Thu | Feb 25, 2021

COVID bailout cry - Robinson calls for stimulus amid economic downturn

Published:Friday | January 22, 2021 | 12:15 AMRomario Scott and Edmond Campbell/Gleaner Writers
Opposition Spokesman on Finance Julian Robinson said many struggling Jamaicans are not captured in official economic statistics.
Opposition Spokesman on Finance Julian Robinson said many struggling Jamaicans are not captured in official economic statistics.

Another stimulus package is needed to give Jamaica’s tanking economy a fighting chance, Opposition Spokesman on Finance Julian Robinson has asserted.

Robinson said the bailout funds should be channelled into the productive sectors such as agriculture and manufacturing and to those most vulnerable.

“We need a stimulus that will jump-start our economy, incentivise production, boost job creation, and unleash spending so that we can break through poverty and the strangling stagnation and get on a path of real and meaningful recovery,” Robinson said.

Addressing a meeting of the Kiwanis Club of North St Andrew at the Police Officers’ Club in St Andrew Thursday evening, Robinson made the case for another CARE-type programme to save many families struggling under the weight of the pandemic.

CARE – The Government’s COVID-19 Allocation of Resources for Employees Programme – was implemented at a cost of $10 billion, with reports of 430,000 Jamaicans benefiting.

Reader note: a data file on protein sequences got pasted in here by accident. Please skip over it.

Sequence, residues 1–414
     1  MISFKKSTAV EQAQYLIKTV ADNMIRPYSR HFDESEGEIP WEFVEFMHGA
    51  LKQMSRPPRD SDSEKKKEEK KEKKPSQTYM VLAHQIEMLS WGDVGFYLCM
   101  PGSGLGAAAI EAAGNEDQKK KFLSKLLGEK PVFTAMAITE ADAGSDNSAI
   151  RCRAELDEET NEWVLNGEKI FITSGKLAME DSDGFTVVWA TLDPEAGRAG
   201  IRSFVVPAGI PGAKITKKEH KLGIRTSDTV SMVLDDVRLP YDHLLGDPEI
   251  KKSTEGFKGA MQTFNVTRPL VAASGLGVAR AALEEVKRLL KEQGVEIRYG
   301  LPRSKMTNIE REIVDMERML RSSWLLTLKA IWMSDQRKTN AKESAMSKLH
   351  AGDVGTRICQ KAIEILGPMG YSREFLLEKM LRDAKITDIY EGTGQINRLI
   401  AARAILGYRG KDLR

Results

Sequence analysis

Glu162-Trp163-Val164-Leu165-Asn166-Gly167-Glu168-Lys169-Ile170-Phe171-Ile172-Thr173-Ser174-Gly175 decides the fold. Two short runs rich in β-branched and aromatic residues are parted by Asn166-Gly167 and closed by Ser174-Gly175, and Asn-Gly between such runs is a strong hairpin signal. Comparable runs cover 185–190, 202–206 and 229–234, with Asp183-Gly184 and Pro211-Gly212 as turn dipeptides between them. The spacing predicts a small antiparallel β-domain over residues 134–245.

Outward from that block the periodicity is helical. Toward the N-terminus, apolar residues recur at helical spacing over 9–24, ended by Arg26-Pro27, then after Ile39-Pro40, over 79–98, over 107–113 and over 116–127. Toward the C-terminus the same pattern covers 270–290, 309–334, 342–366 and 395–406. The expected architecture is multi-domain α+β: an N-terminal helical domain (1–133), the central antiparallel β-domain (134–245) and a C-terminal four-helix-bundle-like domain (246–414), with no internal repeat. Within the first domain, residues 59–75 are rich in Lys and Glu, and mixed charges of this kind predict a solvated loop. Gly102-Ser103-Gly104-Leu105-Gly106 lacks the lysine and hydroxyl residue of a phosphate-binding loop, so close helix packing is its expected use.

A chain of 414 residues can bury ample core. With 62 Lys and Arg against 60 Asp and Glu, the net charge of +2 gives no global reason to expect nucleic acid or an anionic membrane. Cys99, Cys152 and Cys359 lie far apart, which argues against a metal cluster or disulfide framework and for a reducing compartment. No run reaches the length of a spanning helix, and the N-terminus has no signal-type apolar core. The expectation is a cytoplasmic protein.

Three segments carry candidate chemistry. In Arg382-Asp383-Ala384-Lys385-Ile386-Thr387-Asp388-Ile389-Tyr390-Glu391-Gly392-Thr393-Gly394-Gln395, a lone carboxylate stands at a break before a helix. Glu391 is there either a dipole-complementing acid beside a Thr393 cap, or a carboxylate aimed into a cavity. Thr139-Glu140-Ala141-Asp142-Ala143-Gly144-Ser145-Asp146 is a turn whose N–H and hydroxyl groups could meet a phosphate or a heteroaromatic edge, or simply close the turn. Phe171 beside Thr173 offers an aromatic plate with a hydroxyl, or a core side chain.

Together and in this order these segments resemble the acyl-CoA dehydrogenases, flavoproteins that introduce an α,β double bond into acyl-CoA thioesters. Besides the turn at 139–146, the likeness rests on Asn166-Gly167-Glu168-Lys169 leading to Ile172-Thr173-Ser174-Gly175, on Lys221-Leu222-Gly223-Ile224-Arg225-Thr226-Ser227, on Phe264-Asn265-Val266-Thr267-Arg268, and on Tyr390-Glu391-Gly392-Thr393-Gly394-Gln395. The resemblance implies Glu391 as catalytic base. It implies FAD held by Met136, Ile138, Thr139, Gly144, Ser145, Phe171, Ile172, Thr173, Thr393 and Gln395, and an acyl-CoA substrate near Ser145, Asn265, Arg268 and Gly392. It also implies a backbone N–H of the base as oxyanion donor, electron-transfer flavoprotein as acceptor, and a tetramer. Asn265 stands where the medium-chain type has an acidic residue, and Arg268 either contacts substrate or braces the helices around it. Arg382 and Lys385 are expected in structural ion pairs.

But there has been a decline of real gross domestic product of 11.6 per cent for the current fiscal year. Unemployment stands at 10.7 per cent as 41,000 more Jamaicans were unemployed as of October 2020 measured year-on-year.

Further, the inflation forecast for the fiscal year has moved up from 5.6 per cent to 6.3 per cent.

Robinson contended that their realities are often not captured in official statistics.

“Not enough is being said about the job losses and the grave financial challenges that are faced at both the individual level and in our communities,” he said.

Citing landmarks in his St Andrew South Eastern constituency, Robinson framed the economic downturn in granular terms – the absence of events at the National Stadium, the shutdown of the Mas Camp entertainment spot, and nomadic vendors selling soup and snacks.


Robinson’s call comes amid the disclosure by Financial Secretary Darlene Morrison on Thursday that there is no allocation in the Third Supplementary Estimates of Expenditure to finance another COVID-19 stimulus package for businesses and the poor.

She was responding to a question from chairman of the Public Administration and Appropriations Committee (PAAC), Mikael Phillips, who wanted to know if another assistance programme would be rolled out any time soon.

Her remarks on the issue were terse.

“The minister will address that question for you, sir. So there is nothing in this supplementary,” Morrison said.

Minister of Finance and the Public Service Dr Nigel Clarke will debate the Third Supplementary Estimates next week.

Morrison comments came during Thursday’s examination, by the PAAC, of the Third Supplementary Estimates of Expenditure that were tabled in Parliament on Tuesday.

Clarke recently told a Mayberry Investor’s Forum that the Government was still assessing whether it would implement a similar CARE programme in the next fiscal year.

Robinson’s idea of funding the stimulus is cutting the primary surplus, which now stands at 3.1 per cent, by one percentage point.

Cutting the primary surplus by one per cent could free up $20 billion, the opposition spokesman said.